Interspinous fixation (fusion) devices contrast with interspinous distraction devices (spacers), which are used alone for decompression and are typically not fixed to the spinous process. In addition, whereas interspinous distraction devices may use dynamic stabilization, interspinous fixation devices are rigid. However, the fixation devices might also be used to distract the spinous processes and decrease lordosis. Thus, the fixation devices might be used off-label without interbody fusion as decompression (distraction) devices in patients with spinal stenosis. If fixation devices are used alone as a spacer, there is a risk of spinous process fracture.


For use in combination with fusion, it is proposed that interspinous fixation systems are less invasive and present fewer risks than pedicle or facet screws. However, while biomechanical studies indicate that interspinous fixation devices may be similar to pedicle screw-rod constructs in limiting the range of flexion-extension, they may be less effective than bilateral pedicle screw-rod fixation for limiting axial rotation and lateral bending. There is a potential for a negative impact on the interbody cage and bone graft due to focal kyphosis resulting from the interspinous device. There is also a potential for spinous process fracture. Given these uncertainties, studies are needed that compare health outcomes between interspinous fixation devices and pedicle screw-rod fixation.


The following interspinous fixation devices have received clearance to market by the U.S. Food and Drug Administration (FDA):

  • Affix™ (NuVasive)
  • Aileron™ (Life Spine)
  • Aspen™ (Lanx, acquird by BioMet)
  • Axle™ (X-Spine)
  • BacFuse® (Pioneer Surgical)
  • BridgePoint™ (Alphatec)
  • CD Horizen Spire
  • coflex-IF® (Paradigm Spine)
  • Inspan™ (Spine Frontier
  • Interbridge Interspinous Posterior Fixation System (LDR Spine
  • Minuteman™ (Spinal Simplicity)
  • PrimaLOK™ (OsteoMed)
  • Octave™ (Life Spine)
  • Spire™ (Medtronic)
  • SP-Fix™ (Globus)
  • Superion Interspinous Spacer (ISS Veriflex)
  • Zip Mis Interspinous Fusion System


The North American Spine Society

The North American Spine Society (NASS) issued a coverage position on the use of interspinous devices with lumbar fusion. NASS recommends that interspinous fixation with fusion for stabilization is currently not indicated as an alternative to pedicle screw fixation with lumbar fusion procedures.


The North American Spine Society (NASS; 2018) published specific coverage policy recommendations on the lumbar interspinous device without fusion and with decompression., NASS recommended that: "Stabilization with an interspinous device without fusion in conjunction with laminectomy may be indicated as an alternative to lumbar fusion for degenerative lumbar stenosis with or without low-grade spondylolisthesis (less than or equal to 3 mm of anterolisthesis on a lateral radiograph) with qualifying criteria when appropriate:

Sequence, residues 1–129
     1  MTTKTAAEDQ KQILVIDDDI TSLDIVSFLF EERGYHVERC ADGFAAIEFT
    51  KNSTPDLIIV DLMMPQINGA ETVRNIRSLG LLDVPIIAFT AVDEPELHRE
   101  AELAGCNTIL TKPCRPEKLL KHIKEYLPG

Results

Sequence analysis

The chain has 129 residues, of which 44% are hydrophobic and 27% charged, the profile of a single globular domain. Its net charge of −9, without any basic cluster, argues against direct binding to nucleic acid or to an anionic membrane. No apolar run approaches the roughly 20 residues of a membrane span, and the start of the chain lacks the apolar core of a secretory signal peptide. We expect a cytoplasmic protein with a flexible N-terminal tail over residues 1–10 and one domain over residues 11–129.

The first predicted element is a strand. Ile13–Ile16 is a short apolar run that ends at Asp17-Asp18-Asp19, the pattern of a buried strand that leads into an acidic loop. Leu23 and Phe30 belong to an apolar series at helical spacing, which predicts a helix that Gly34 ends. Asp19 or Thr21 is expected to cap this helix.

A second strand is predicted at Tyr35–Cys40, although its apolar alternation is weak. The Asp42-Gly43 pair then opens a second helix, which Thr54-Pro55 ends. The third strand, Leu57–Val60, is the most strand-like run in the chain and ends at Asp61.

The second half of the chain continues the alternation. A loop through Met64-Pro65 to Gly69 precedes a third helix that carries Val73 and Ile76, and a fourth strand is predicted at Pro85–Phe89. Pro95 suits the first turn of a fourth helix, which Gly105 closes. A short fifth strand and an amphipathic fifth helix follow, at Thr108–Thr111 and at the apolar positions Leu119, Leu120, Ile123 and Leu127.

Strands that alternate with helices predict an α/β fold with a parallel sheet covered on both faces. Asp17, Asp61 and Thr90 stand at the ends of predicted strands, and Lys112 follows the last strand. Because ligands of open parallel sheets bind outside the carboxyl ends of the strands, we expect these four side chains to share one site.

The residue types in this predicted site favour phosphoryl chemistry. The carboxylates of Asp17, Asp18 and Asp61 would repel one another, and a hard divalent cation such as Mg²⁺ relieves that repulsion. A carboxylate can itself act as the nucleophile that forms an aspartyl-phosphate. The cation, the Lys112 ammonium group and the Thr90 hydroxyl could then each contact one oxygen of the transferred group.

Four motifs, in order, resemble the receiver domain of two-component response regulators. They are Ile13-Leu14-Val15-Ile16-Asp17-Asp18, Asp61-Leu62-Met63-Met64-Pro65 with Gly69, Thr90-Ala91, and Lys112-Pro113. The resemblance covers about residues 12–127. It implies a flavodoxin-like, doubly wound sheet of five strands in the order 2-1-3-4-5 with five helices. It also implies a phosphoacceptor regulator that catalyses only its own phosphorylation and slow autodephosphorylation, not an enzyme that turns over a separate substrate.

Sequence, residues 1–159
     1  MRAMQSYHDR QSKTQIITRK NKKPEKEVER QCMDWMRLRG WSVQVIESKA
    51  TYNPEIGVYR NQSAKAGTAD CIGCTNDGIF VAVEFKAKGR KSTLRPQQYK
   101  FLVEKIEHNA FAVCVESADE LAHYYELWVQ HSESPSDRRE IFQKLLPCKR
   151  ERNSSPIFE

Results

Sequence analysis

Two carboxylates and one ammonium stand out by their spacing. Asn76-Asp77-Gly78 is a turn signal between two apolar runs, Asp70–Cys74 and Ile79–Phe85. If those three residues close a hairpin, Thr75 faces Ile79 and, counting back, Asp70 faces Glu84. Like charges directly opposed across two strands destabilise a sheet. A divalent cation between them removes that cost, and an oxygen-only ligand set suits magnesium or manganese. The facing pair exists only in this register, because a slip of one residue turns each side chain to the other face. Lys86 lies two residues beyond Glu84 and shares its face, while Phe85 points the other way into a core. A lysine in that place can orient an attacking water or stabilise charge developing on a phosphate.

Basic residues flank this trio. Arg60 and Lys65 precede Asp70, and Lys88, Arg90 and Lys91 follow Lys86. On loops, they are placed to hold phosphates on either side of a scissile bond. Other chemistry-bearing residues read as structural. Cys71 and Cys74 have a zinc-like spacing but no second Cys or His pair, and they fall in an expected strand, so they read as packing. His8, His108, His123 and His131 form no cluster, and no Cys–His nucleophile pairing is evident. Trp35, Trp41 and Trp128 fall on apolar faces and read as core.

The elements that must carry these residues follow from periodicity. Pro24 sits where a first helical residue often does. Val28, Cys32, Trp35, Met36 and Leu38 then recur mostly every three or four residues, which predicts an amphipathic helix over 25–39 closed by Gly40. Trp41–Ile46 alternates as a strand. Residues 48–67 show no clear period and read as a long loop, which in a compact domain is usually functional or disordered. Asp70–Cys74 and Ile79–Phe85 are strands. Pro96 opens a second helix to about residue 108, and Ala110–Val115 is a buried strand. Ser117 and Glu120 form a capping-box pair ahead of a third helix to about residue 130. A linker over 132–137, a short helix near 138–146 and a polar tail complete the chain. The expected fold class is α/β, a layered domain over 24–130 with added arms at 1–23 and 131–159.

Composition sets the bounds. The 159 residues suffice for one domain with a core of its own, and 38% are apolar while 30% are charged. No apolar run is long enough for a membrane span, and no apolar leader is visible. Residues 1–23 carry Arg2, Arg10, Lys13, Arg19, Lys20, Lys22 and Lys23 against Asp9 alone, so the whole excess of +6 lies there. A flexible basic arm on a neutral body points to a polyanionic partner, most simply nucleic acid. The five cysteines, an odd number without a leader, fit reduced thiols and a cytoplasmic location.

1. Significant mechanical back pain is present (in addition to those symptoms associated with neural compression) that is felt unlikely to improve with decompression alone. Documentation should indicate that this type of back pain is present at rest and/or with movement while standing and does not have characteristics consistent with neurogenic claudication.
  2. A lumbar fusion is indicated post-decompression for a diagnosis of lumbar stenosis with a Grade 1 degenerative spondylolisthesis as recommended in the NASS Coverage Recommendations for Lumbar Fusion.
  3. A lumbar laminectomy is indicated as recommended in the NASS Coverage Recommendations for Lumbar Laminectomy.
  4. Previous lumbar fusion has not been performed at an adjacent segment.
  5. Previous decompression has been performed at the intended operative segment.


Interspinous devices are NOT indicated in cases that do not fall within the above parameters. In particular, they are not indicated in the following scenarios and conditions:

  1. Degenerative spondylolisthesis of Grade 2 or higher.
  2. Degenerative scoliosis or other signs of coronal instability.
  3. Dynamic instability as detected on flexion-extension views demonstrating at least 3 mm of change in translation.
  4. Iatrogenic instability or destabilization of the motion segment.
  5. A fusion is otherwise not indicated for a Grade 1 degenerative spondylolisthesis and stenosis as per the NASS Coverage Recommendations for Lumbar Fusion.
  6. A laminectomy for spinal stenosis is otherwise not indicated as per the NASS Coverage Recommendations for Lumbar Laminectomy."


Prior Approval:

Not applicable



Interspinous Distraction Devices

Interspinous distraction devices (including but not limited to Coflex® Interlaminar Technology Implant/Coflex Intralaminar Stabalization Devices, X-STOP® Interspinous Process Decompression (IPD®) System Vertiflex interspinous decompresseion spacer/Superion InterSpinous Spacer) are considered investigational.


There is insufficient evidence in the peer-reviewed medical literature to demonstrate the long-term safety and efficacy of interspinous distraction devices and the durability of the devices. The impact of this technology on net health outcome is not known. There is a need for longer-term outcome data on symptom relief, the need for repeat procedures, and implant survival.


Interspinous Fixation Devices

Interspinous fixation devices (including but not limited to: Affix™, Axle™, BacFuse®, Coflex-F®, Inspan™, Screwless Fusion Devise, Spire™, Lanx® SFS, TOPS™ (Total Posterior – element System) Spinal System) are considered investigational for any indication, including but not limited to use:

  • In combination with interbody fusion, or